gitnamespaces − Git namespaces

GIT_NAMESPACE=<namespace> git upload−pack
GIT_NAMESPACE=<namespace> git receive−pack

Git supports dividing the refs of a single repository into
multiple namespaces, each of which has its own branches,
tags, and HEAD. Git can expose each namespace as an
independent repository to pull from and push to, while
sharing the object store, and exposing all the refs to
operations such as git‐gc(1).

Storing multiple repositories as namespaces of a single
repository avoids storing duplicate copies of the same
objects, such as when storing multiple branches of the same
source. The alternates mechanism provides similar support
for avoiding duplicates, but alternates do not prevent
duplication between new objects added to the repositories
without ongoing maintenance, while namespaces do.

To specify a namespace, set the GIT_NAMESPACE environment
variable to the namespace. For each ref namespace, Git
stores the corresponding refs in a directory under
refs/namespaces/. For example, GIT_NAMESPACE=foo will store
refs under refs/namespaces/foo/. You can also specify
namespaces via the −−namespace option to git(1).

Note that namespaces which include a / will expand to a
hierarchy of namespaces; for example, GIT_NAMESPACE=foo/bar
will store refs under
refs/namespaces/foo/refs/namespaces/bar/. This makes paths
in GIT_NAMESPACE behave hierarchically, so that cloning with
GIT_NAMESPACE=foo/bar produces the same result as cloning
with GIT_NAMESPACE=foo and cloning from that repo with
GIT_NAMESPACE=bar. It also avoids ambiguity with strange
namespace paths such as foo/refs/heads/, which could
otherwise generate directory/file conflicts within the refs

git‐upload‐pack(1) and git‐receive‐pack(1) rewrite the names
of refs as specified by GIT_NAMESPACE. git−upload−pack and
git−receive−pack will ignore all references outside the
specified namespace.

The smart HTTP server, git‐http‐backend(1), will pass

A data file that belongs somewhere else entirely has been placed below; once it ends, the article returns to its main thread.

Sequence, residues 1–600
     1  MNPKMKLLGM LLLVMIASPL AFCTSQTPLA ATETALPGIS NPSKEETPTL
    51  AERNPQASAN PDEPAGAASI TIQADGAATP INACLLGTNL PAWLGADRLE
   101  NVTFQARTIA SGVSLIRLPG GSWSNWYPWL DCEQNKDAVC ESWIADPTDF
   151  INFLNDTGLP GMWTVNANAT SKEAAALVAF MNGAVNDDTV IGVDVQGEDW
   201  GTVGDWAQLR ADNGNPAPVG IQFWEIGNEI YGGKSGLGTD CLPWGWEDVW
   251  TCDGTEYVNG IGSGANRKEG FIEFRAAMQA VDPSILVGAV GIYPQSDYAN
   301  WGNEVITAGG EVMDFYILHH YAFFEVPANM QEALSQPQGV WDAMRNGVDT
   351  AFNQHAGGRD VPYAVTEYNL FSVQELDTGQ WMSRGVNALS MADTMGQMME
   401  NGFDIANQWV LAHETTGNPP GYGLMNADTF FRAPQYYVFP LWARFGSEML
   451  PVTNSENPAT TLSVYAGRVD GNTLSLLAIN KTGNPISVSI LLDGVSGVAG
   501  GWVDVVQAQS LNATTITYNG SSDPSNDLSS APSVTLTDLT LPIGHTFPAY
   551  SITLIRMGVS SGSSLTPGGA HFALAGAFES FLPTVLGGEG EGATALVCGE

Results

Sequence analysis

GIT_NAMESPACE through to the backend programs; see git‐http‐
backend(1) for sample configuration to expose repository
namespaces as repositories.


For a simple local test, you can use git‐remote‐ext(1):

     git clone ext::'git −−namespace=foo %s /tmp/prefixed.git'

The fetch and push protocols are not designed to prevent one
side from stealing data from the other repository that was
not intended to be shared. If you have private data that you
need to protect from a malicious peer, your best option is
to store it in another repository. This applies to both
clients and servers. In particular, namespaces on a server
are not effective for read access control; you should only
grant read access to a namespace to clients that you would
trust with read access to the entire repository.

The known attack vectors are as follows:

  1. The victim sends "have" lines advertising the IDs of
     objects it has that are not explicitly intended to be
     shared but can be used to optimize the transfer if the
     peer also has them. The attacker chooses an object ID X
     to steal and sends a ref to X, but isn’t required to
     send the content of X because the victim already has
     it. Now the victim believes that the attacker has X,
     and it sends the content of X back to the attacker
     later. (This attack is most straightforward for a
     client to perform on a server, by creating a ref to X
     in the namespace the client has access to and then
     fetching it. The most likely way for a server to
     perform it on a client is to "merge" X into a public
     branch and hope that the user does additional work on
     this branch and pushes it back to the server without
     noticing the merge.)

  2. As in #1, the attacker chooses an object ID X to steal.
     The victim sends an object Y that the attacker already
     has, and the attacker falsely claims to have X and not
     Y, so the victim sends Y as a delta against X. The
     delta reveals regions of X that are similar to Y to the